Film reviews and more since 2009

Boy Kills World (2024) review

Dir. Moritz Mohr

By: Steve Pulaski

Rating: ★★

The irony of Boy Kills World‘s R-rating is that its juvenile humor, obsessive swath of obscenities, and cartoonishly gory violence will be most enjoyed by those too young to buy a ticket to the film themselves.

I might’ve been lukewarm on Monkey Man — another thriller predicated on the oft-exhausting trope of a human killing machine taking on dozens of enemies with whatever he can turn into a weapon — but at least that flick attempted to have some external relevance, as undercooked as it was. Aside from a late-second act twist that completely recontextualizes the plot, Boy Kills World offers a lot of noise and not much worthwhile entertainment, though it’s perfectly keen on assaulting your senses for over 100 minutes.

Bill Skarsgård (It: Chapter One) stars as the titular Boy, who grew up in a dystopian future hellscape ruled by Hilda Van Der Koy (Famke Janssen) and her family dynasty. There’s an annual holiday called “The Culling,” where Hilda rounds up all her mortal enemies and executes them before an audience. Boy’s mother and sister were victims of The Culling many years past. Later, he was taken in by a feral hermit named Shaman (Yayan Ruhian), who put him through a violent crash-course of martials arts training in order to exact revenge on the Van Der Koy family.

Skarsgård’s Boy is deaf and mute, and one of Boy Kills World‘s numerous gimmicks is that Boy’s inner-monologue is the announcer of one of his favorite arcade fighting games. That voice is supplied by H. Jon Benjamin (Bob’s Burgers), who does his best Mortal Kombat impersonation while still managing to be more light-hearted as opposed to gravely serious. Even as much as Benjamin brings to the table, the narration no less manages to grow redundant, especially when the voice in Boy’s head is tasked with doing a “Bad Lip Reading” of what a foreign language-speaking ally (Isaiah Mustafa) is saying (since Boy reads lips).

If anybody could’ve made Boy a living, breathing character on his physicality and facial expressions alone, that person would’ve been Bill Skarsgård, which also clues you into how unserious Boy Kills World is.

When Boy grows up, his mission in life becomes finding and killing Hilda and her family, including her husband, Glen (Sharlto Copley), her PR powerhouse; Melanie (Michelle Dockery), who spearheads the televised “Culling” each year; and Gideon (Brett Gelman), her gofer brother-in-law, who writes Glen’s speeches. Gideon is the punching bag of the movie as he’s constantly trying to install Shakespearean metaphors into the speeches he writes. Finally, there’s June27 (Jessica Rothe, Happy Death Day), a Van Der Koy agent with a motorcycle helmet boasting a digital visor that serves as her mode of communication.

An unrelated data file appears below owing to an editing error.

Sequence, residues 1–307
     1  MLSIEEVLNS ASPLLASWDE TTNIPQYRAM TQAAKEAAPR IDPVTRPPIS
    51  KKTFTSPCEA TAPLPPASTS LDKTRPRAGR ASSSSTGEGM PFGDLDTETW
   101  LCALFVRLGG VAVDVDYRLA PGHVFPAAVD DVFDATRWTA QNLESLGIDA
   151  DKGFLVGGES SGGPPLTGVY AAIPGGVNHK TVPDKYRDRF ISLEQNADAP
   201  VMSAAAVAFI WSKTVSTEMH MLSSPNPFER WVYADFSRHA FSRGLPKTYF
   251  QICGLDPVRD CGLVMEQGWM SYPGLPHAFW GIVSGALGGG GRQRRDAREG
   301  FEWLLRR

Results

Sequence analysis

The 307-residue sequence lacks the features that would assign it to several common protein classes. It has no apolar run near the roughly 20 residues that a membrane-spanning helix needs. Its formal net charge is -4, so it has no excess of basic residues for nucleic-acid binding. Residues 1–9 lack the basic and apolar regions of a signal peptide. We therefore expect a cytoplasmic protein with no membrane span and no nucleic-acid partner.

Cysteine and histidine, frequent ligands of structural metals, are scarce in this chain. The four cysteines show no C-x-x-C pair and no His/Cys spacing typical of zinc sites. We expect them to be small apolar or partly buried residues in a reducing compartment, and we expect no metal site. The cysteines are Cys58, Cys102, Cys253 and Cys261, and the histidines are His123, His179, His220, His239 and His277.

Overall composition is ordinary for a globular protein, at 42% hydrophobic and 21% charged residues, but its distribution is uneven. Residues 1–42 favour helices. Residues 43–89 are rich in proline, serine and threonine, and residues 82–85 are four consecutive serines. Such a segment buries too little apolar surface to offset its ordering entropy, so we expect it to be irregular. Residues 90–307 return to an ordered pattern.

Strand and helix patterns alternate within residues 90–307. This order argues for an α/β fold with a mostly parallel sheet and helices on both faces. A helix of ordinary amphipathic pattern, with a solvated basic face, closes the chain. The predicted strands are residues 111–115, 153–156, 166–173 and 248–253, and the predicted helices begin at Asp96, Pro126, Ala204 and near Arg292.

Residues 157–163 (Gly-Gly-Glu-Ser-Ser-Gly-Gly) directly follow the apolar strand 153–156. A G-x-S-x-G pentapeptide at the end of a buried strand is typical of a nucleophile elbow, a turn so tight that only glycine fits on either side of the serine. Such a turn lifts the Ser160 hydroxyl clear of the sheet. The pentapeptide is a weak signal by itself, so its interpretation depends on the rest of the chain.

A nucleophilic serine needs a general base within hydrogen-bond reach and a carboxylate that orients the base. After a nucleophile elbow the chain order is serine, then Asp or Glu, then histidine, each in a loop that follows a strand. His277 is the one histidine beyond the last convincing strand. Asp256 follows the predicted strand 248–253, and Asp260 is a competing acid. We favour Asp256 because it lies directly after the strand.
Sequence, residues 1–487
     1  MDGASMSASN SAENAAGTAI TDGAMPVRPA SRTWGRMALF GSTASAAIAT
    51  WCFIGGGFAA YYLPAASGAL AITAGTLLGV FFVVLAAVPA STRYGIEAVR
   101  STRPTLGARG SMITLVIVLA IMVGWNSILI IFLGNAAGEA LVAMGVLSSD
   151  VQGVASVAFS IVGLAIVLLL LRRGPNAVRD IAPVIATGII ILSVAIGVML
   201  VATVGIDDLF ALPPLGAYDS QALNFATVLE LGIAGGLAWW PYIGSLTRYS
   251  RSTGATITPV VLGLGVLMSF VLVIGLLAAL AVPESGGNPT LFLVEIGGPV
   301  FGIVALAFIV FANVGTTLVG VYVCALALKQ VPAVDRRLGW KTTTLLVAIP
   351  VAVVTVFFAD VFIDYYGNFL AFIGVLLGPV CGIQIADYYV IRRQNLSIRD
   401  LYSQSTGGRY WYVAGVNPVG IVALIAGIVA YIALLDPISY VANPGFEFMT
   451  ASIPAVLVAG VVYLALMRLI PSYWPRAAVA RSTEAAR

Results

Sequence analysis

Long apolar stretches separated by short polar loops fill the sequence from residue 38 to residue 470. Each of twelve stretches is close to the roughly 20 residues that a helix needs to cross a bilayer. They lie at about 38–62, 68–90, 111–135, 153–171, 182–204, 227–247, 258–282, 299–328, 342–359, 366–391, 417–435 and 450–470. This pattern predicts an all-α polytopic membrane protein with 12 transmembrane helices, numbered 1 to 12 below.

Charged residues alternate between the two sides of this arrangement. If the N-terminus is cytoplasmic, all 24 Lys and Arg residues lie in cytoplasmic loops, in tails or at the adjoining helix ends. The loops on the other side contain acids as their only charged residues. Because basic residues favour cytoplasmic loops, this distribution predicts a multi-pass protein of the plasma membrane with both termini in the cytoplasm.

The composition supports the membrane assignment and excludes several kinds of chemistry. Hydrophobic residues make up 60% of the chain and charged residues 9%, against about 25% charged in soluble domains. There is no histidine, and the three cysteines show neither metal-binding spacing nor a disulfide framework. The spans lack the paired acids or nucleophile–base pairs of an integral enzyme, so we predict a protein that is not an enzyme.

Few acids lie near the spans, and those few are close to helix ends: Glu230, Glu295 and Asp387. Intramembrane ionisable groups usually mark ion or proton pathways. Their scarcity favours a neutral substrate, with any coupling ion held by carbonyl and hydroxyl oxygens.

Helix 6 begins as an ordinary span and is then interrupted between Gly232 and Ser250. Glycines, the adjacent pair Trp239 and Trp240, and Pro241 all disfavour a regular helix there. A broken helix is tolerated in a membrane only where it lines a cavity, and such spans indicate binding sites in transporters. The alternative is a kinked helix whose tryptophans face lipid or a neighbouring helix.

Boy Kills World is overstuffed with gimmicks and cutesy bits of nonsense as its script sprints forward, hardly stopping to question anything its introduced into the story. Its hybridization of comic-book-esque sets and martial arts choreography, run amuck with vulgar insults like “fuck puppet,” and brutal, button-mashing violence, reflects that spirit of middle school boys who got their hands on a case of Mountain Dew. The film’s breathless pacing never stops to consider any meaning beyond the audience’s momentary oohs and ahhs. Late in the third act, when the film tries to justify its existence with some pablum about family and morality, most will be too checked out to care.

NOTE: Boy Kills World is now playing exclusively in theaters.

NOTE II: Take a listen to my interview with actor Brett Gelman regarding his film roles and first book, The Terrifying Realm of the Possible:

Starring: Bill Skarsgård, Jessica Rothe, Michelle Dockery, Brett Gelman, Isaiah Mustafa, Andrew Joji, Famke Janssen, Sharlto Copley, and Yayn Ruhian. Narrated by: H. Jon Benjamin. Directed by: Moritz Mohr.

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About Steve Pulaski

Steve Pulaski has been reviewing movies since 2009 for a barrage of different outlets. He graduated North Central College in 2018 and currently works as an on-air radio personality. He also hosts a weekly movie podcast called "Sleepless with Steve," dedicated to film and the film industry, on his YouTube channel. In addition to writing, he's a die-hard Chicago Bears fan and has two cats, appropriately named Siskel and Ebert!

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